The following experiments were conducted to examine the stability of the manipulator. That is, the pipe was evacuated from the side of the vacuum flange 26, to keep a stable vacuum state of 10-5 Torr or under. Then, each of the moving mechanisms was locked and fluctuation in the vacuum flange 27 was measured with a 0.01 μm resolution laser displacement gauge. The measurements were each taken relative to three directions X, Y and Z as shown in FIG. 4, the results of which are shown in FIGS. 6A to 6C. In the same manner, fluctuation in the mirror mount tube 7' was measured, the results of which are shown in FIGS. 7A to 7C (Y being perpendicular to the plane of FIG. 4).

It can be considered that the mirror mount tube 7' displaces the vacuum flange 27 and an actual fluctuation width is obtained by subtracting the fluctuation width of the vacuum flange from the fluctuation width of the mirror mount tube. Accordingly, it has been found from FIGS. 6A to 7C that the fluctuation of the mirror mount tube relative to the vacuum flange is a fluctuation of 0.5 μm width or less in the three directions.

With this kind of combination the stroke of each axis was 2 mm in the linear direction with a precision of 1 μm, while in the gate mechanism the angle was 2.5 with a precision of 5 seconds of arc or less.

The method for aligning the X-ray mirror using this manipulator is, for example, such that an alignment is first performed using visible light, and then another alignment is performed using X-rays of the wavelength to be used. In this case, the X-ray mirror is about 10 mm in outside diameter and 40 mm in length and is intended to form a minute converged spot at a focal position with X-rays having an energy of 5 KeV or more.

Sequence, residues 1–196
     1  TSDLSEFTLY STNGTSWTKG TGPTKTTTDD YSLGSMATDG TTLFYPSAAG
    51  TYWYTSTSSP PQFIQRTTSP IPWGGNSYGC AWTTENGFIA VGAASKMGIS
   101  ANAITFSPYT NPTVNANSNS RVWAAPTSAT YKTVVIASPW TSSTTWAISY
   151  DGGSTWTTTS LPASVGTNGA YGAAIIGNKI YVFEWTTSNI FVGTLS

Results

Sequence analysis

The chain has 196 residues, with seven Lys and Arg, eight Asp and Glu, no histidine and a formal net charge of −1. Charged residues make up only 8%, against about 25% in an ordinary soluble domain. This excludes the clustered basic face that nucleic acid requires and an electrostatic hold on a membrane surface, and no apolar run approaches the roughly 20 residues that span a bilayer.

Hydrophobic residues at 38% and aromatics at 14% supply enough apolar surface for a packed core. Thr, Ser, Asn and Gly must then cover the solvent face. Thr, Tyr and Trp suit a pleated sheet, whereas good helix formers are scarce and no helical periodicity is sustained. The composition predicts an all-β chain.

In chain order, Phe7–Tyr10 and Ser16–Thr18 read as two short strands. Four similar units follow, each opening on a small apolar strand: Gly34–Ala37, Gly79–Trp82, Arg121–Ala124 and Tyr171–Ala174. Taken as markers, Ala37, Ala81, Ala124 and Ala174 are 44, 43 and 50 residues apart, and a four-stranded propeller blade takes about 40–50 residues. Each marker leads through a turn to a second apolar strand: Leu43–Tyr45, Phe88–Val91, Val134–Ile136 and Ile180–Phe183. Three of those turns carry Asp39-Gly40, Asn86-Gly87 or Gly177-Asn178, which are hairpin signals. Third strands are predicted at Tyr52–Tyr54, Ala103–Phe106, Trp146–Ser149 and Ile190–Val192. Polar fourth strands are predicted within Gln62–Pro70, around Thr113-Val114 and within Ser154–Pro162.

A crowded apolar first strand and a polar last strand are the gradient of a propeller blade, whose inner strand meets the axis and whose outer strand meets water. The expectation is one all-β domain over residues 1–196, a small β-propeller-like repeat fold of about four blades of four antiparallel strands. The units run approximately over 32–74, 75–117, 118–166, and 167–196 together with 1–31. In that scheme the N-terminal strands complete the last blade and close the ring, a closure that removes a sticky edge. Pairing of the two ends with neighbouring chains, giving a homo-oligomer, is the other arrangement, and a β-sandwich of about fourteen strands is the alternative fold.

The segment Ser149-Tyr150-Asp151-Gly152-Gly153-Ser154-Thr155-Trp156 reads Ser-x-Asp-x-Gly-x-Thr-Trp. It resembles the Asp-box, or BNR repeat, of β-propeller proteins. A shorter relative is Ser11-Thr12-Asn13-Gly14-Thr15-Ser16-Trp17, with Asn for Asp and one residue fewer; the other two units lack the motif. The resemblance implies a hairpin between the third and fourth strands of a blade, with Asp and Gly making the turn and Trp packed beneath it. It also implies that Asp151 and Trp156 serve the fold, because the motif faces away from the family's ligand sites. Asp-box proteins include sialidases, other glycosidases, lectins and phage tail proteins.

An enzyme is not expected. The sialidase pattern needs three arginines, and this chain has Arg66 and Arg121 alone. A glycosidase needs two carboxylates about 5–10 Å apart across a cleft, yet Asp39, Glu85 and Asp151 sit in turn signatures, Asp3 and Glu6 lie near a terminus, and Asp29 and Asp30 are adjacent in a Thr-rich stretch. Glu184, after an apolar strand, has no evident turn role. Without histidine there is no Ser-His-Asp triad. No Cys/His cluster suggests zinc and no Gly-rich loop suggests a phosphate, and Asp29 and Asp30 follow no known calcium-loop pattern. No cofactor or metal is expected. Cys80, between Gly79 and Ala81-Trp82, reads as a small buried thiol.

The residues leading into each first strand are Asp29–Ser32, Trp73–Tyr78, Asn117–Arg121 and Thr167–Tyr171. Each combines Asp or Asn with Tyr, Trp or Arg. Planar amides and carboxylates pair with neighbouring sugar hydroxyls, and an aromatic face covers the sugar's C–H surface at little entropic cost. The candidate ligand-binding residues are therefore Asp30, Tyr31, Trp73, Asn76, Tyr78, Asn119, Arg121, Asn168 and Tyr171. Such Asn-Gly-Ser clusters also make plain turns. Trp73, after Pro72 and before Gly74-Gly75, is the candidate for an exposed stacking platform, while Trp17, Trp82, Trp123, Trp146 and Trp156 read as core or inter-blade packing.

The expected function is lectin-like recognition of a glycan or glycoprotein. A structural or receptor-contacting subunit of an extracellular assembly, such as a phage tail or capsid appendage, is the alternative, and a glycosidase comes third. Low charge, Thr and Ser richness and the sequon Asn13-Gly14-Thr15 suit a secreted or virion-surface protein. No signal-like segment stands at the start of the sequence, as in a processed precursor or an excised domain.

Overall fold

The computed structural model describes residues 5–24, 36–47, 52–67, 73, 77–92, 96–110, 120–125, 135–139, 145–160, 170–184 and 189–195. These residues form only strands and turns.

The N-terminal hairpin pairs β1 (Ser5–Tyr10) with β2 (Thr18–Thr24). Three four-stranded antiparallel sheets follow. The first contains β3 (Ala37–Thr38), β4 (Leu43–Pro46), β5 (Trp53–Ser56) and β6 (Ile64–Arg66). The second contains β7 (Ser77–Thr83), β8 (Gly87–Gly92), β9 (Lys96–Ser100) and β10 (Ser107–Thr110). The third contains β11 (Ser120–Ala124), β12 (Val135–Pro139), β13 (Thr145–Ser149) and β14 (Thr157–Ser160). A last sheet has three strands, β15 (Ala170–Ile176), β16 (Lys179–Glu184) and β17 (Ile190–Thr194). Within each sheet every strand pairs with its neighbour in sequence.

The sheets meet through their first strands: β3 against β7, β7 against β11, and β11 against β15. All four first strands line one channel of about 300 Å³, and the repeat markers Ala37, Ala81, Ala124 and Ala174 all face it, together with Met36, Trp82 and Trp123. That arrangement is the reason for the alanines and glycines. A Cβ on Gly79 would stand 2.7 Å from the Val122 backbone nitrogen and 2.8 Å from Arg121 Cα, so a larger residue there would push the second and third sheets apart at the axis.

Firstly, visible light is made to coincide with the X-ray optical axis 2 using a mirror, and the visible light is reflected by the X-ray mirror in the mirror mount tube 35. The visible light to converge on the X-ray optical axis 2 is viewed on white paper, and if it does not converge, first the axial displacement from the X-ray optical axis of the X-ray mirror is corrected by means of the gate mechanism of the gate table 7. Next, the light reflected from the X-ray mirror is moved to a desired location by the rectilinear tables 28, 29 and 36. Again, the axial displacement of the X-ray mirror is examined in the manner as described previously and corrected, and again, the reflectance light is moved by the rectilinear stages and such operation is repeated until the moving mechanisms do not move. Then, the X-rays to be used are introduced into the X-ray optical axis, and the converged X-rays formed by the X-ray mirror are observed by using a high-sensitivity X-ray two-dimensional position detector or the like. If the axis of the X-ray mirror or the X-ray converging position has been corrected, adjustment is performed in the same manner as in the case of visible light until the moving mechanisms do not move, and lastly, each of the moving mechanisms is locked. In this way, adjustment of the X-ray mirror is performed. Although in this embodiment a three-axis linear stage mechanism was used, if mirror alignment has a four-axis direction, a form lacking the rectilinear stage 36 of FIG. 4 of the embodiment would result and this form is also included in this embodiment. Further, although a three-axis gate table is used in this embodiment, the use of a biaxial gate table also would be included in this embodiment.

Embodiment 5

Embodiment 5 employs an X-ray diffraction position detector. FIG. 8 is a pictorial view showing the structure of a detector according to the invention. An X-ray fluorescent screen, or surface, 48, is formed on an optical fiber plate 49 mounted at one end of an image intensifier tube 50 and a CCD 52 is coupled to the other end of tube 50 via an optical fiber plate 49 to achieve the maximum use efficiency of light. Though the X-ray fluorescent surface used in this invention was made by a precipitation method, it can be also formed by a physical or chemical film forming method such as a coating method, a deposition film forming method such as a coating method, deposition and sputtering by use of positional resolving power and a coating film thickness.